India has been, allegedly, pressing Bangladesh to allow its companies to participate in international tenders, floated by the latter, without meeting the criteria set in the Public Procurement Rules 2008.
Since December 2016, the Indian High Commission in Dhaka has issued over a dozen note verbales to the authorities seeking the favour, officials concerned said.
During his visit to Dhaka September 2018, former Indian commerce minister Suresh Prabhu took up the issue with his the then Bangladeshi counterpart.
In February 2018, Indian commerce secretary Rita Teaotia also raised the issue at the secretary-level meeting held in Dhaka. At the fifth meeting of the India-Bangladesh Joint Consultative Commission held in New Delhi in February 2019, the Indian side had also asked for the favour.
In the note verbale sent in September last year, the high commission referred to "precluding participation of Indian companies in international tenders floated various government organisations of Bangladesh by putting restriction on the country of origin of goods to be supplied."
It also said in the technical specification of the tenders, Bangladeshi organisations mention that the goods to be supplied must be manufactured in the country having human development index above 0.8.
In the 2019 human development index of the United Nations Development Programme, or UNDP, India ranked the 129th having value of 0.647.
In a recent note verbale, the high commission said the "technical specification should be non-restrictive, fair and open as stipulated in the Bangladesh PPR 2008."
However, a web trawl produced scores of news items, which said Indian companies secured contracts for a good number of mega infrastructure projects either--in joint venture or unilaterally.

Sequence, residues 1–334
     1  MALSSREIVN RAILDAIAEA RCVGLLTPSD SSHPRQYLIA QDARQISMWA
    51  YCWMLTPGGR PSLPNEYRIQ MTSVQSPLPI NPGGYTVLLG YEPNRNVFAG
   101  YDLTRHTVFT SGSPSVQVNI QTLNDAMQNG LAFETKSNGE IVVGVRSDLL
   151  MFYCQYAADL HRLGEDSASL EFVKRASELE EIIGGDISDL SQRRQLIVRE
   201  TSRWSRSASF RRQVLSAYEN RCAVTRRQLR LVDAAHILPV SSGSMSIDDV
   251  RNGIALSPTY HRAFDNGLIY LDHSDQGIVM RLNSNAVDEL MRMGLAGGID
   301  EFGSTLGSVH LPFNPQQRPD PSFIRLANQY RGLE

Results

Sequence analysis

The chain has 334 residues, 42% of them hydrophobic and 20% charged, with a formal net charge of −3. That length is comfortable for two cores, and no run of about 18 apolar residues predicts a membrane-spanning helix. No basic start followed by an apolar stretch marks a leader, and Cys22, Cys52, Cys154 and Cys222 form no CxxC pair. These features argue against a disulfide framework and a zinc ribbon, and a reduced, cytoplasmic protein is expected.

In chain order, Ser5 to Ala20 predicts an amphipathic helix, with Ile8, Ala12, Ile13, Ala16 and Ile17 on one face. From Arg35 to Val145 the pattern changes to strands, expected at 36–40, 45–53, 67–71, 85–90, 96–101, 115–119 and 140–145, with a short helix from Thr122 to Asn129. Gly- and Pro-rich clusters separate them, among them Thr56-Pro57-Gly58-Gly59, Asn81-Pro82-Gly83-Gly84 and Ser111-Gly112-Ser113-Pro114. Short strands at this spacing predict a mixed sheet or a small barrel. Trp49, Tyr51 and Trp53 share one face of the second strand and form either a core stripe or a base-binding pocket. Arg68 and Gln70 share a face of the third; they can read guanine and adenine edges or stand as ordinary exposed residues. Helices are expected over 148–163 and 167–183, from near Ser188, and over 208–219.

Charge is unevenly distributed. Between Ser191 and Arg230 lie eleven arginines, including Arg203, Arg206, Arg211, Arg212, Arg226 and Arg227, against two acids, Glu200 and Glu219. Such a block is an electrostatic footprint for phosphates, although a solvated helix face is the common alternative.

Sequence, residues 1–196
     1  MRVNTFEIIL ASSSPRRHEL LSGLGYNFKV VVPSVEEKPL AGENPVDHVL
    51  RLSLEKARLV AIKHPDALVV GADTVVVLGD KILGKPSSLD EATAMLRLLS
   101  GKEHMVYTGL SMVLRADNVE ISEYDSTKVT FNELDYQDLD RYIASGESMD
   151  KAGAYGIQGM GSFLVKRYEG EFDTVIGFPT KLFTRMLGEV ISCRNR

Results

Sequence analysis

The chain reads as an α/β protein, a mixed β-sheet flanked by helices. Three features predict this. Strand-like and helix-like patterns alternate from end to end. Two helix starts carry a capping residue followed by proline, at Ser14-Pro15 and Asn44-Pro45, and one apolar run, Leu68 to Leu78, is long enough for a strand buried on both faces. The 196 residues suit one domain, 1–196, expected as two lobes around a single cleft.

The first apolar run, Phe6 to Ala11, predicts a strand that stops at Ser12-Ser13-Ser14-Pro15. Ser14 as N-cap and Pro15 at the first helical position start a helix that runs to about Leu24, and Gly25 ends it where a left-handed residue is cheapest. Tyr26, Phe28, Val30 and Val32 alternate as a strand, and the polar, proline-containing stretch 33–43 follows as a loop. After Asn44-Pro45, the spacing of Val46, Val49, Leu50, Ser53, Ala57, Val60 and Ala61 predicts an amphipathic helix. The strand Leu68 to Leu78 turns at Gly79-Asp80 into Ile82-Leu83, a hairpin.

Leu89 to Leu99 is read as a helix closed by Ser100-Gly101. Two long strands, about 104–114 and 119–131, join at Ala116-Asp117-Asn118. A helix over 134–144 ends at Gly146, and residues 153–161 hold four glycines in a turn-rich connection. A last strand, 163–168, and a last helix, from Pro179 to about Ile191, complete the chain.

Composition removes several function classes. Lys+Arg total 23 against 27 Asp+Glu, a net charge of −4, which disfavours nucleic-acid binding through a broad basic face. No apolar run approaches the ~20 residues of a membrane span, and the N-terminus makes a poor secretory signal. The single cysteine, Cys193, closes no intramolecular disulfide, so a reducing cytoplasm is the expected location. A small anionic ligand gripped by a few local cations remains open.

The contracts include: Larsen & Toubro's getting a Rs 31.91 billion work for the construction of a line for Dhaka Metrorail project, Bharat Heavy Electricals Ltd's wining of international bid valued at Rs 100 billion for setting up of a coal power plant, and securing a Rs 7.37 billion contract from Russia to built Rooppur Nuclear Power Plant by Hindustan Construction Co.
A senior official at the ministry of commerce told the FE last week the PPR 2008 does not add any clause that restricts any 'particular' country to participate in any tender process, let alone India.
"Any international tender is open to all and they can participate by meeting the conditions," he said, adding such procedures are followed by everywhere in the country to get quality goods and services.
The official, preferring anonymity, said the ministry of commerce has recently conveyed the Indian concern to the Central Procurement Technical Unit of the ministry of planning to examine if any particular country by any means faced restrictions.
"India is our good neighbour. We have no intention to bar its companies here," he said.
But he made it clear no agency could relax rules for any particular country or obstruct anyone with bad intention in case of international tenders.
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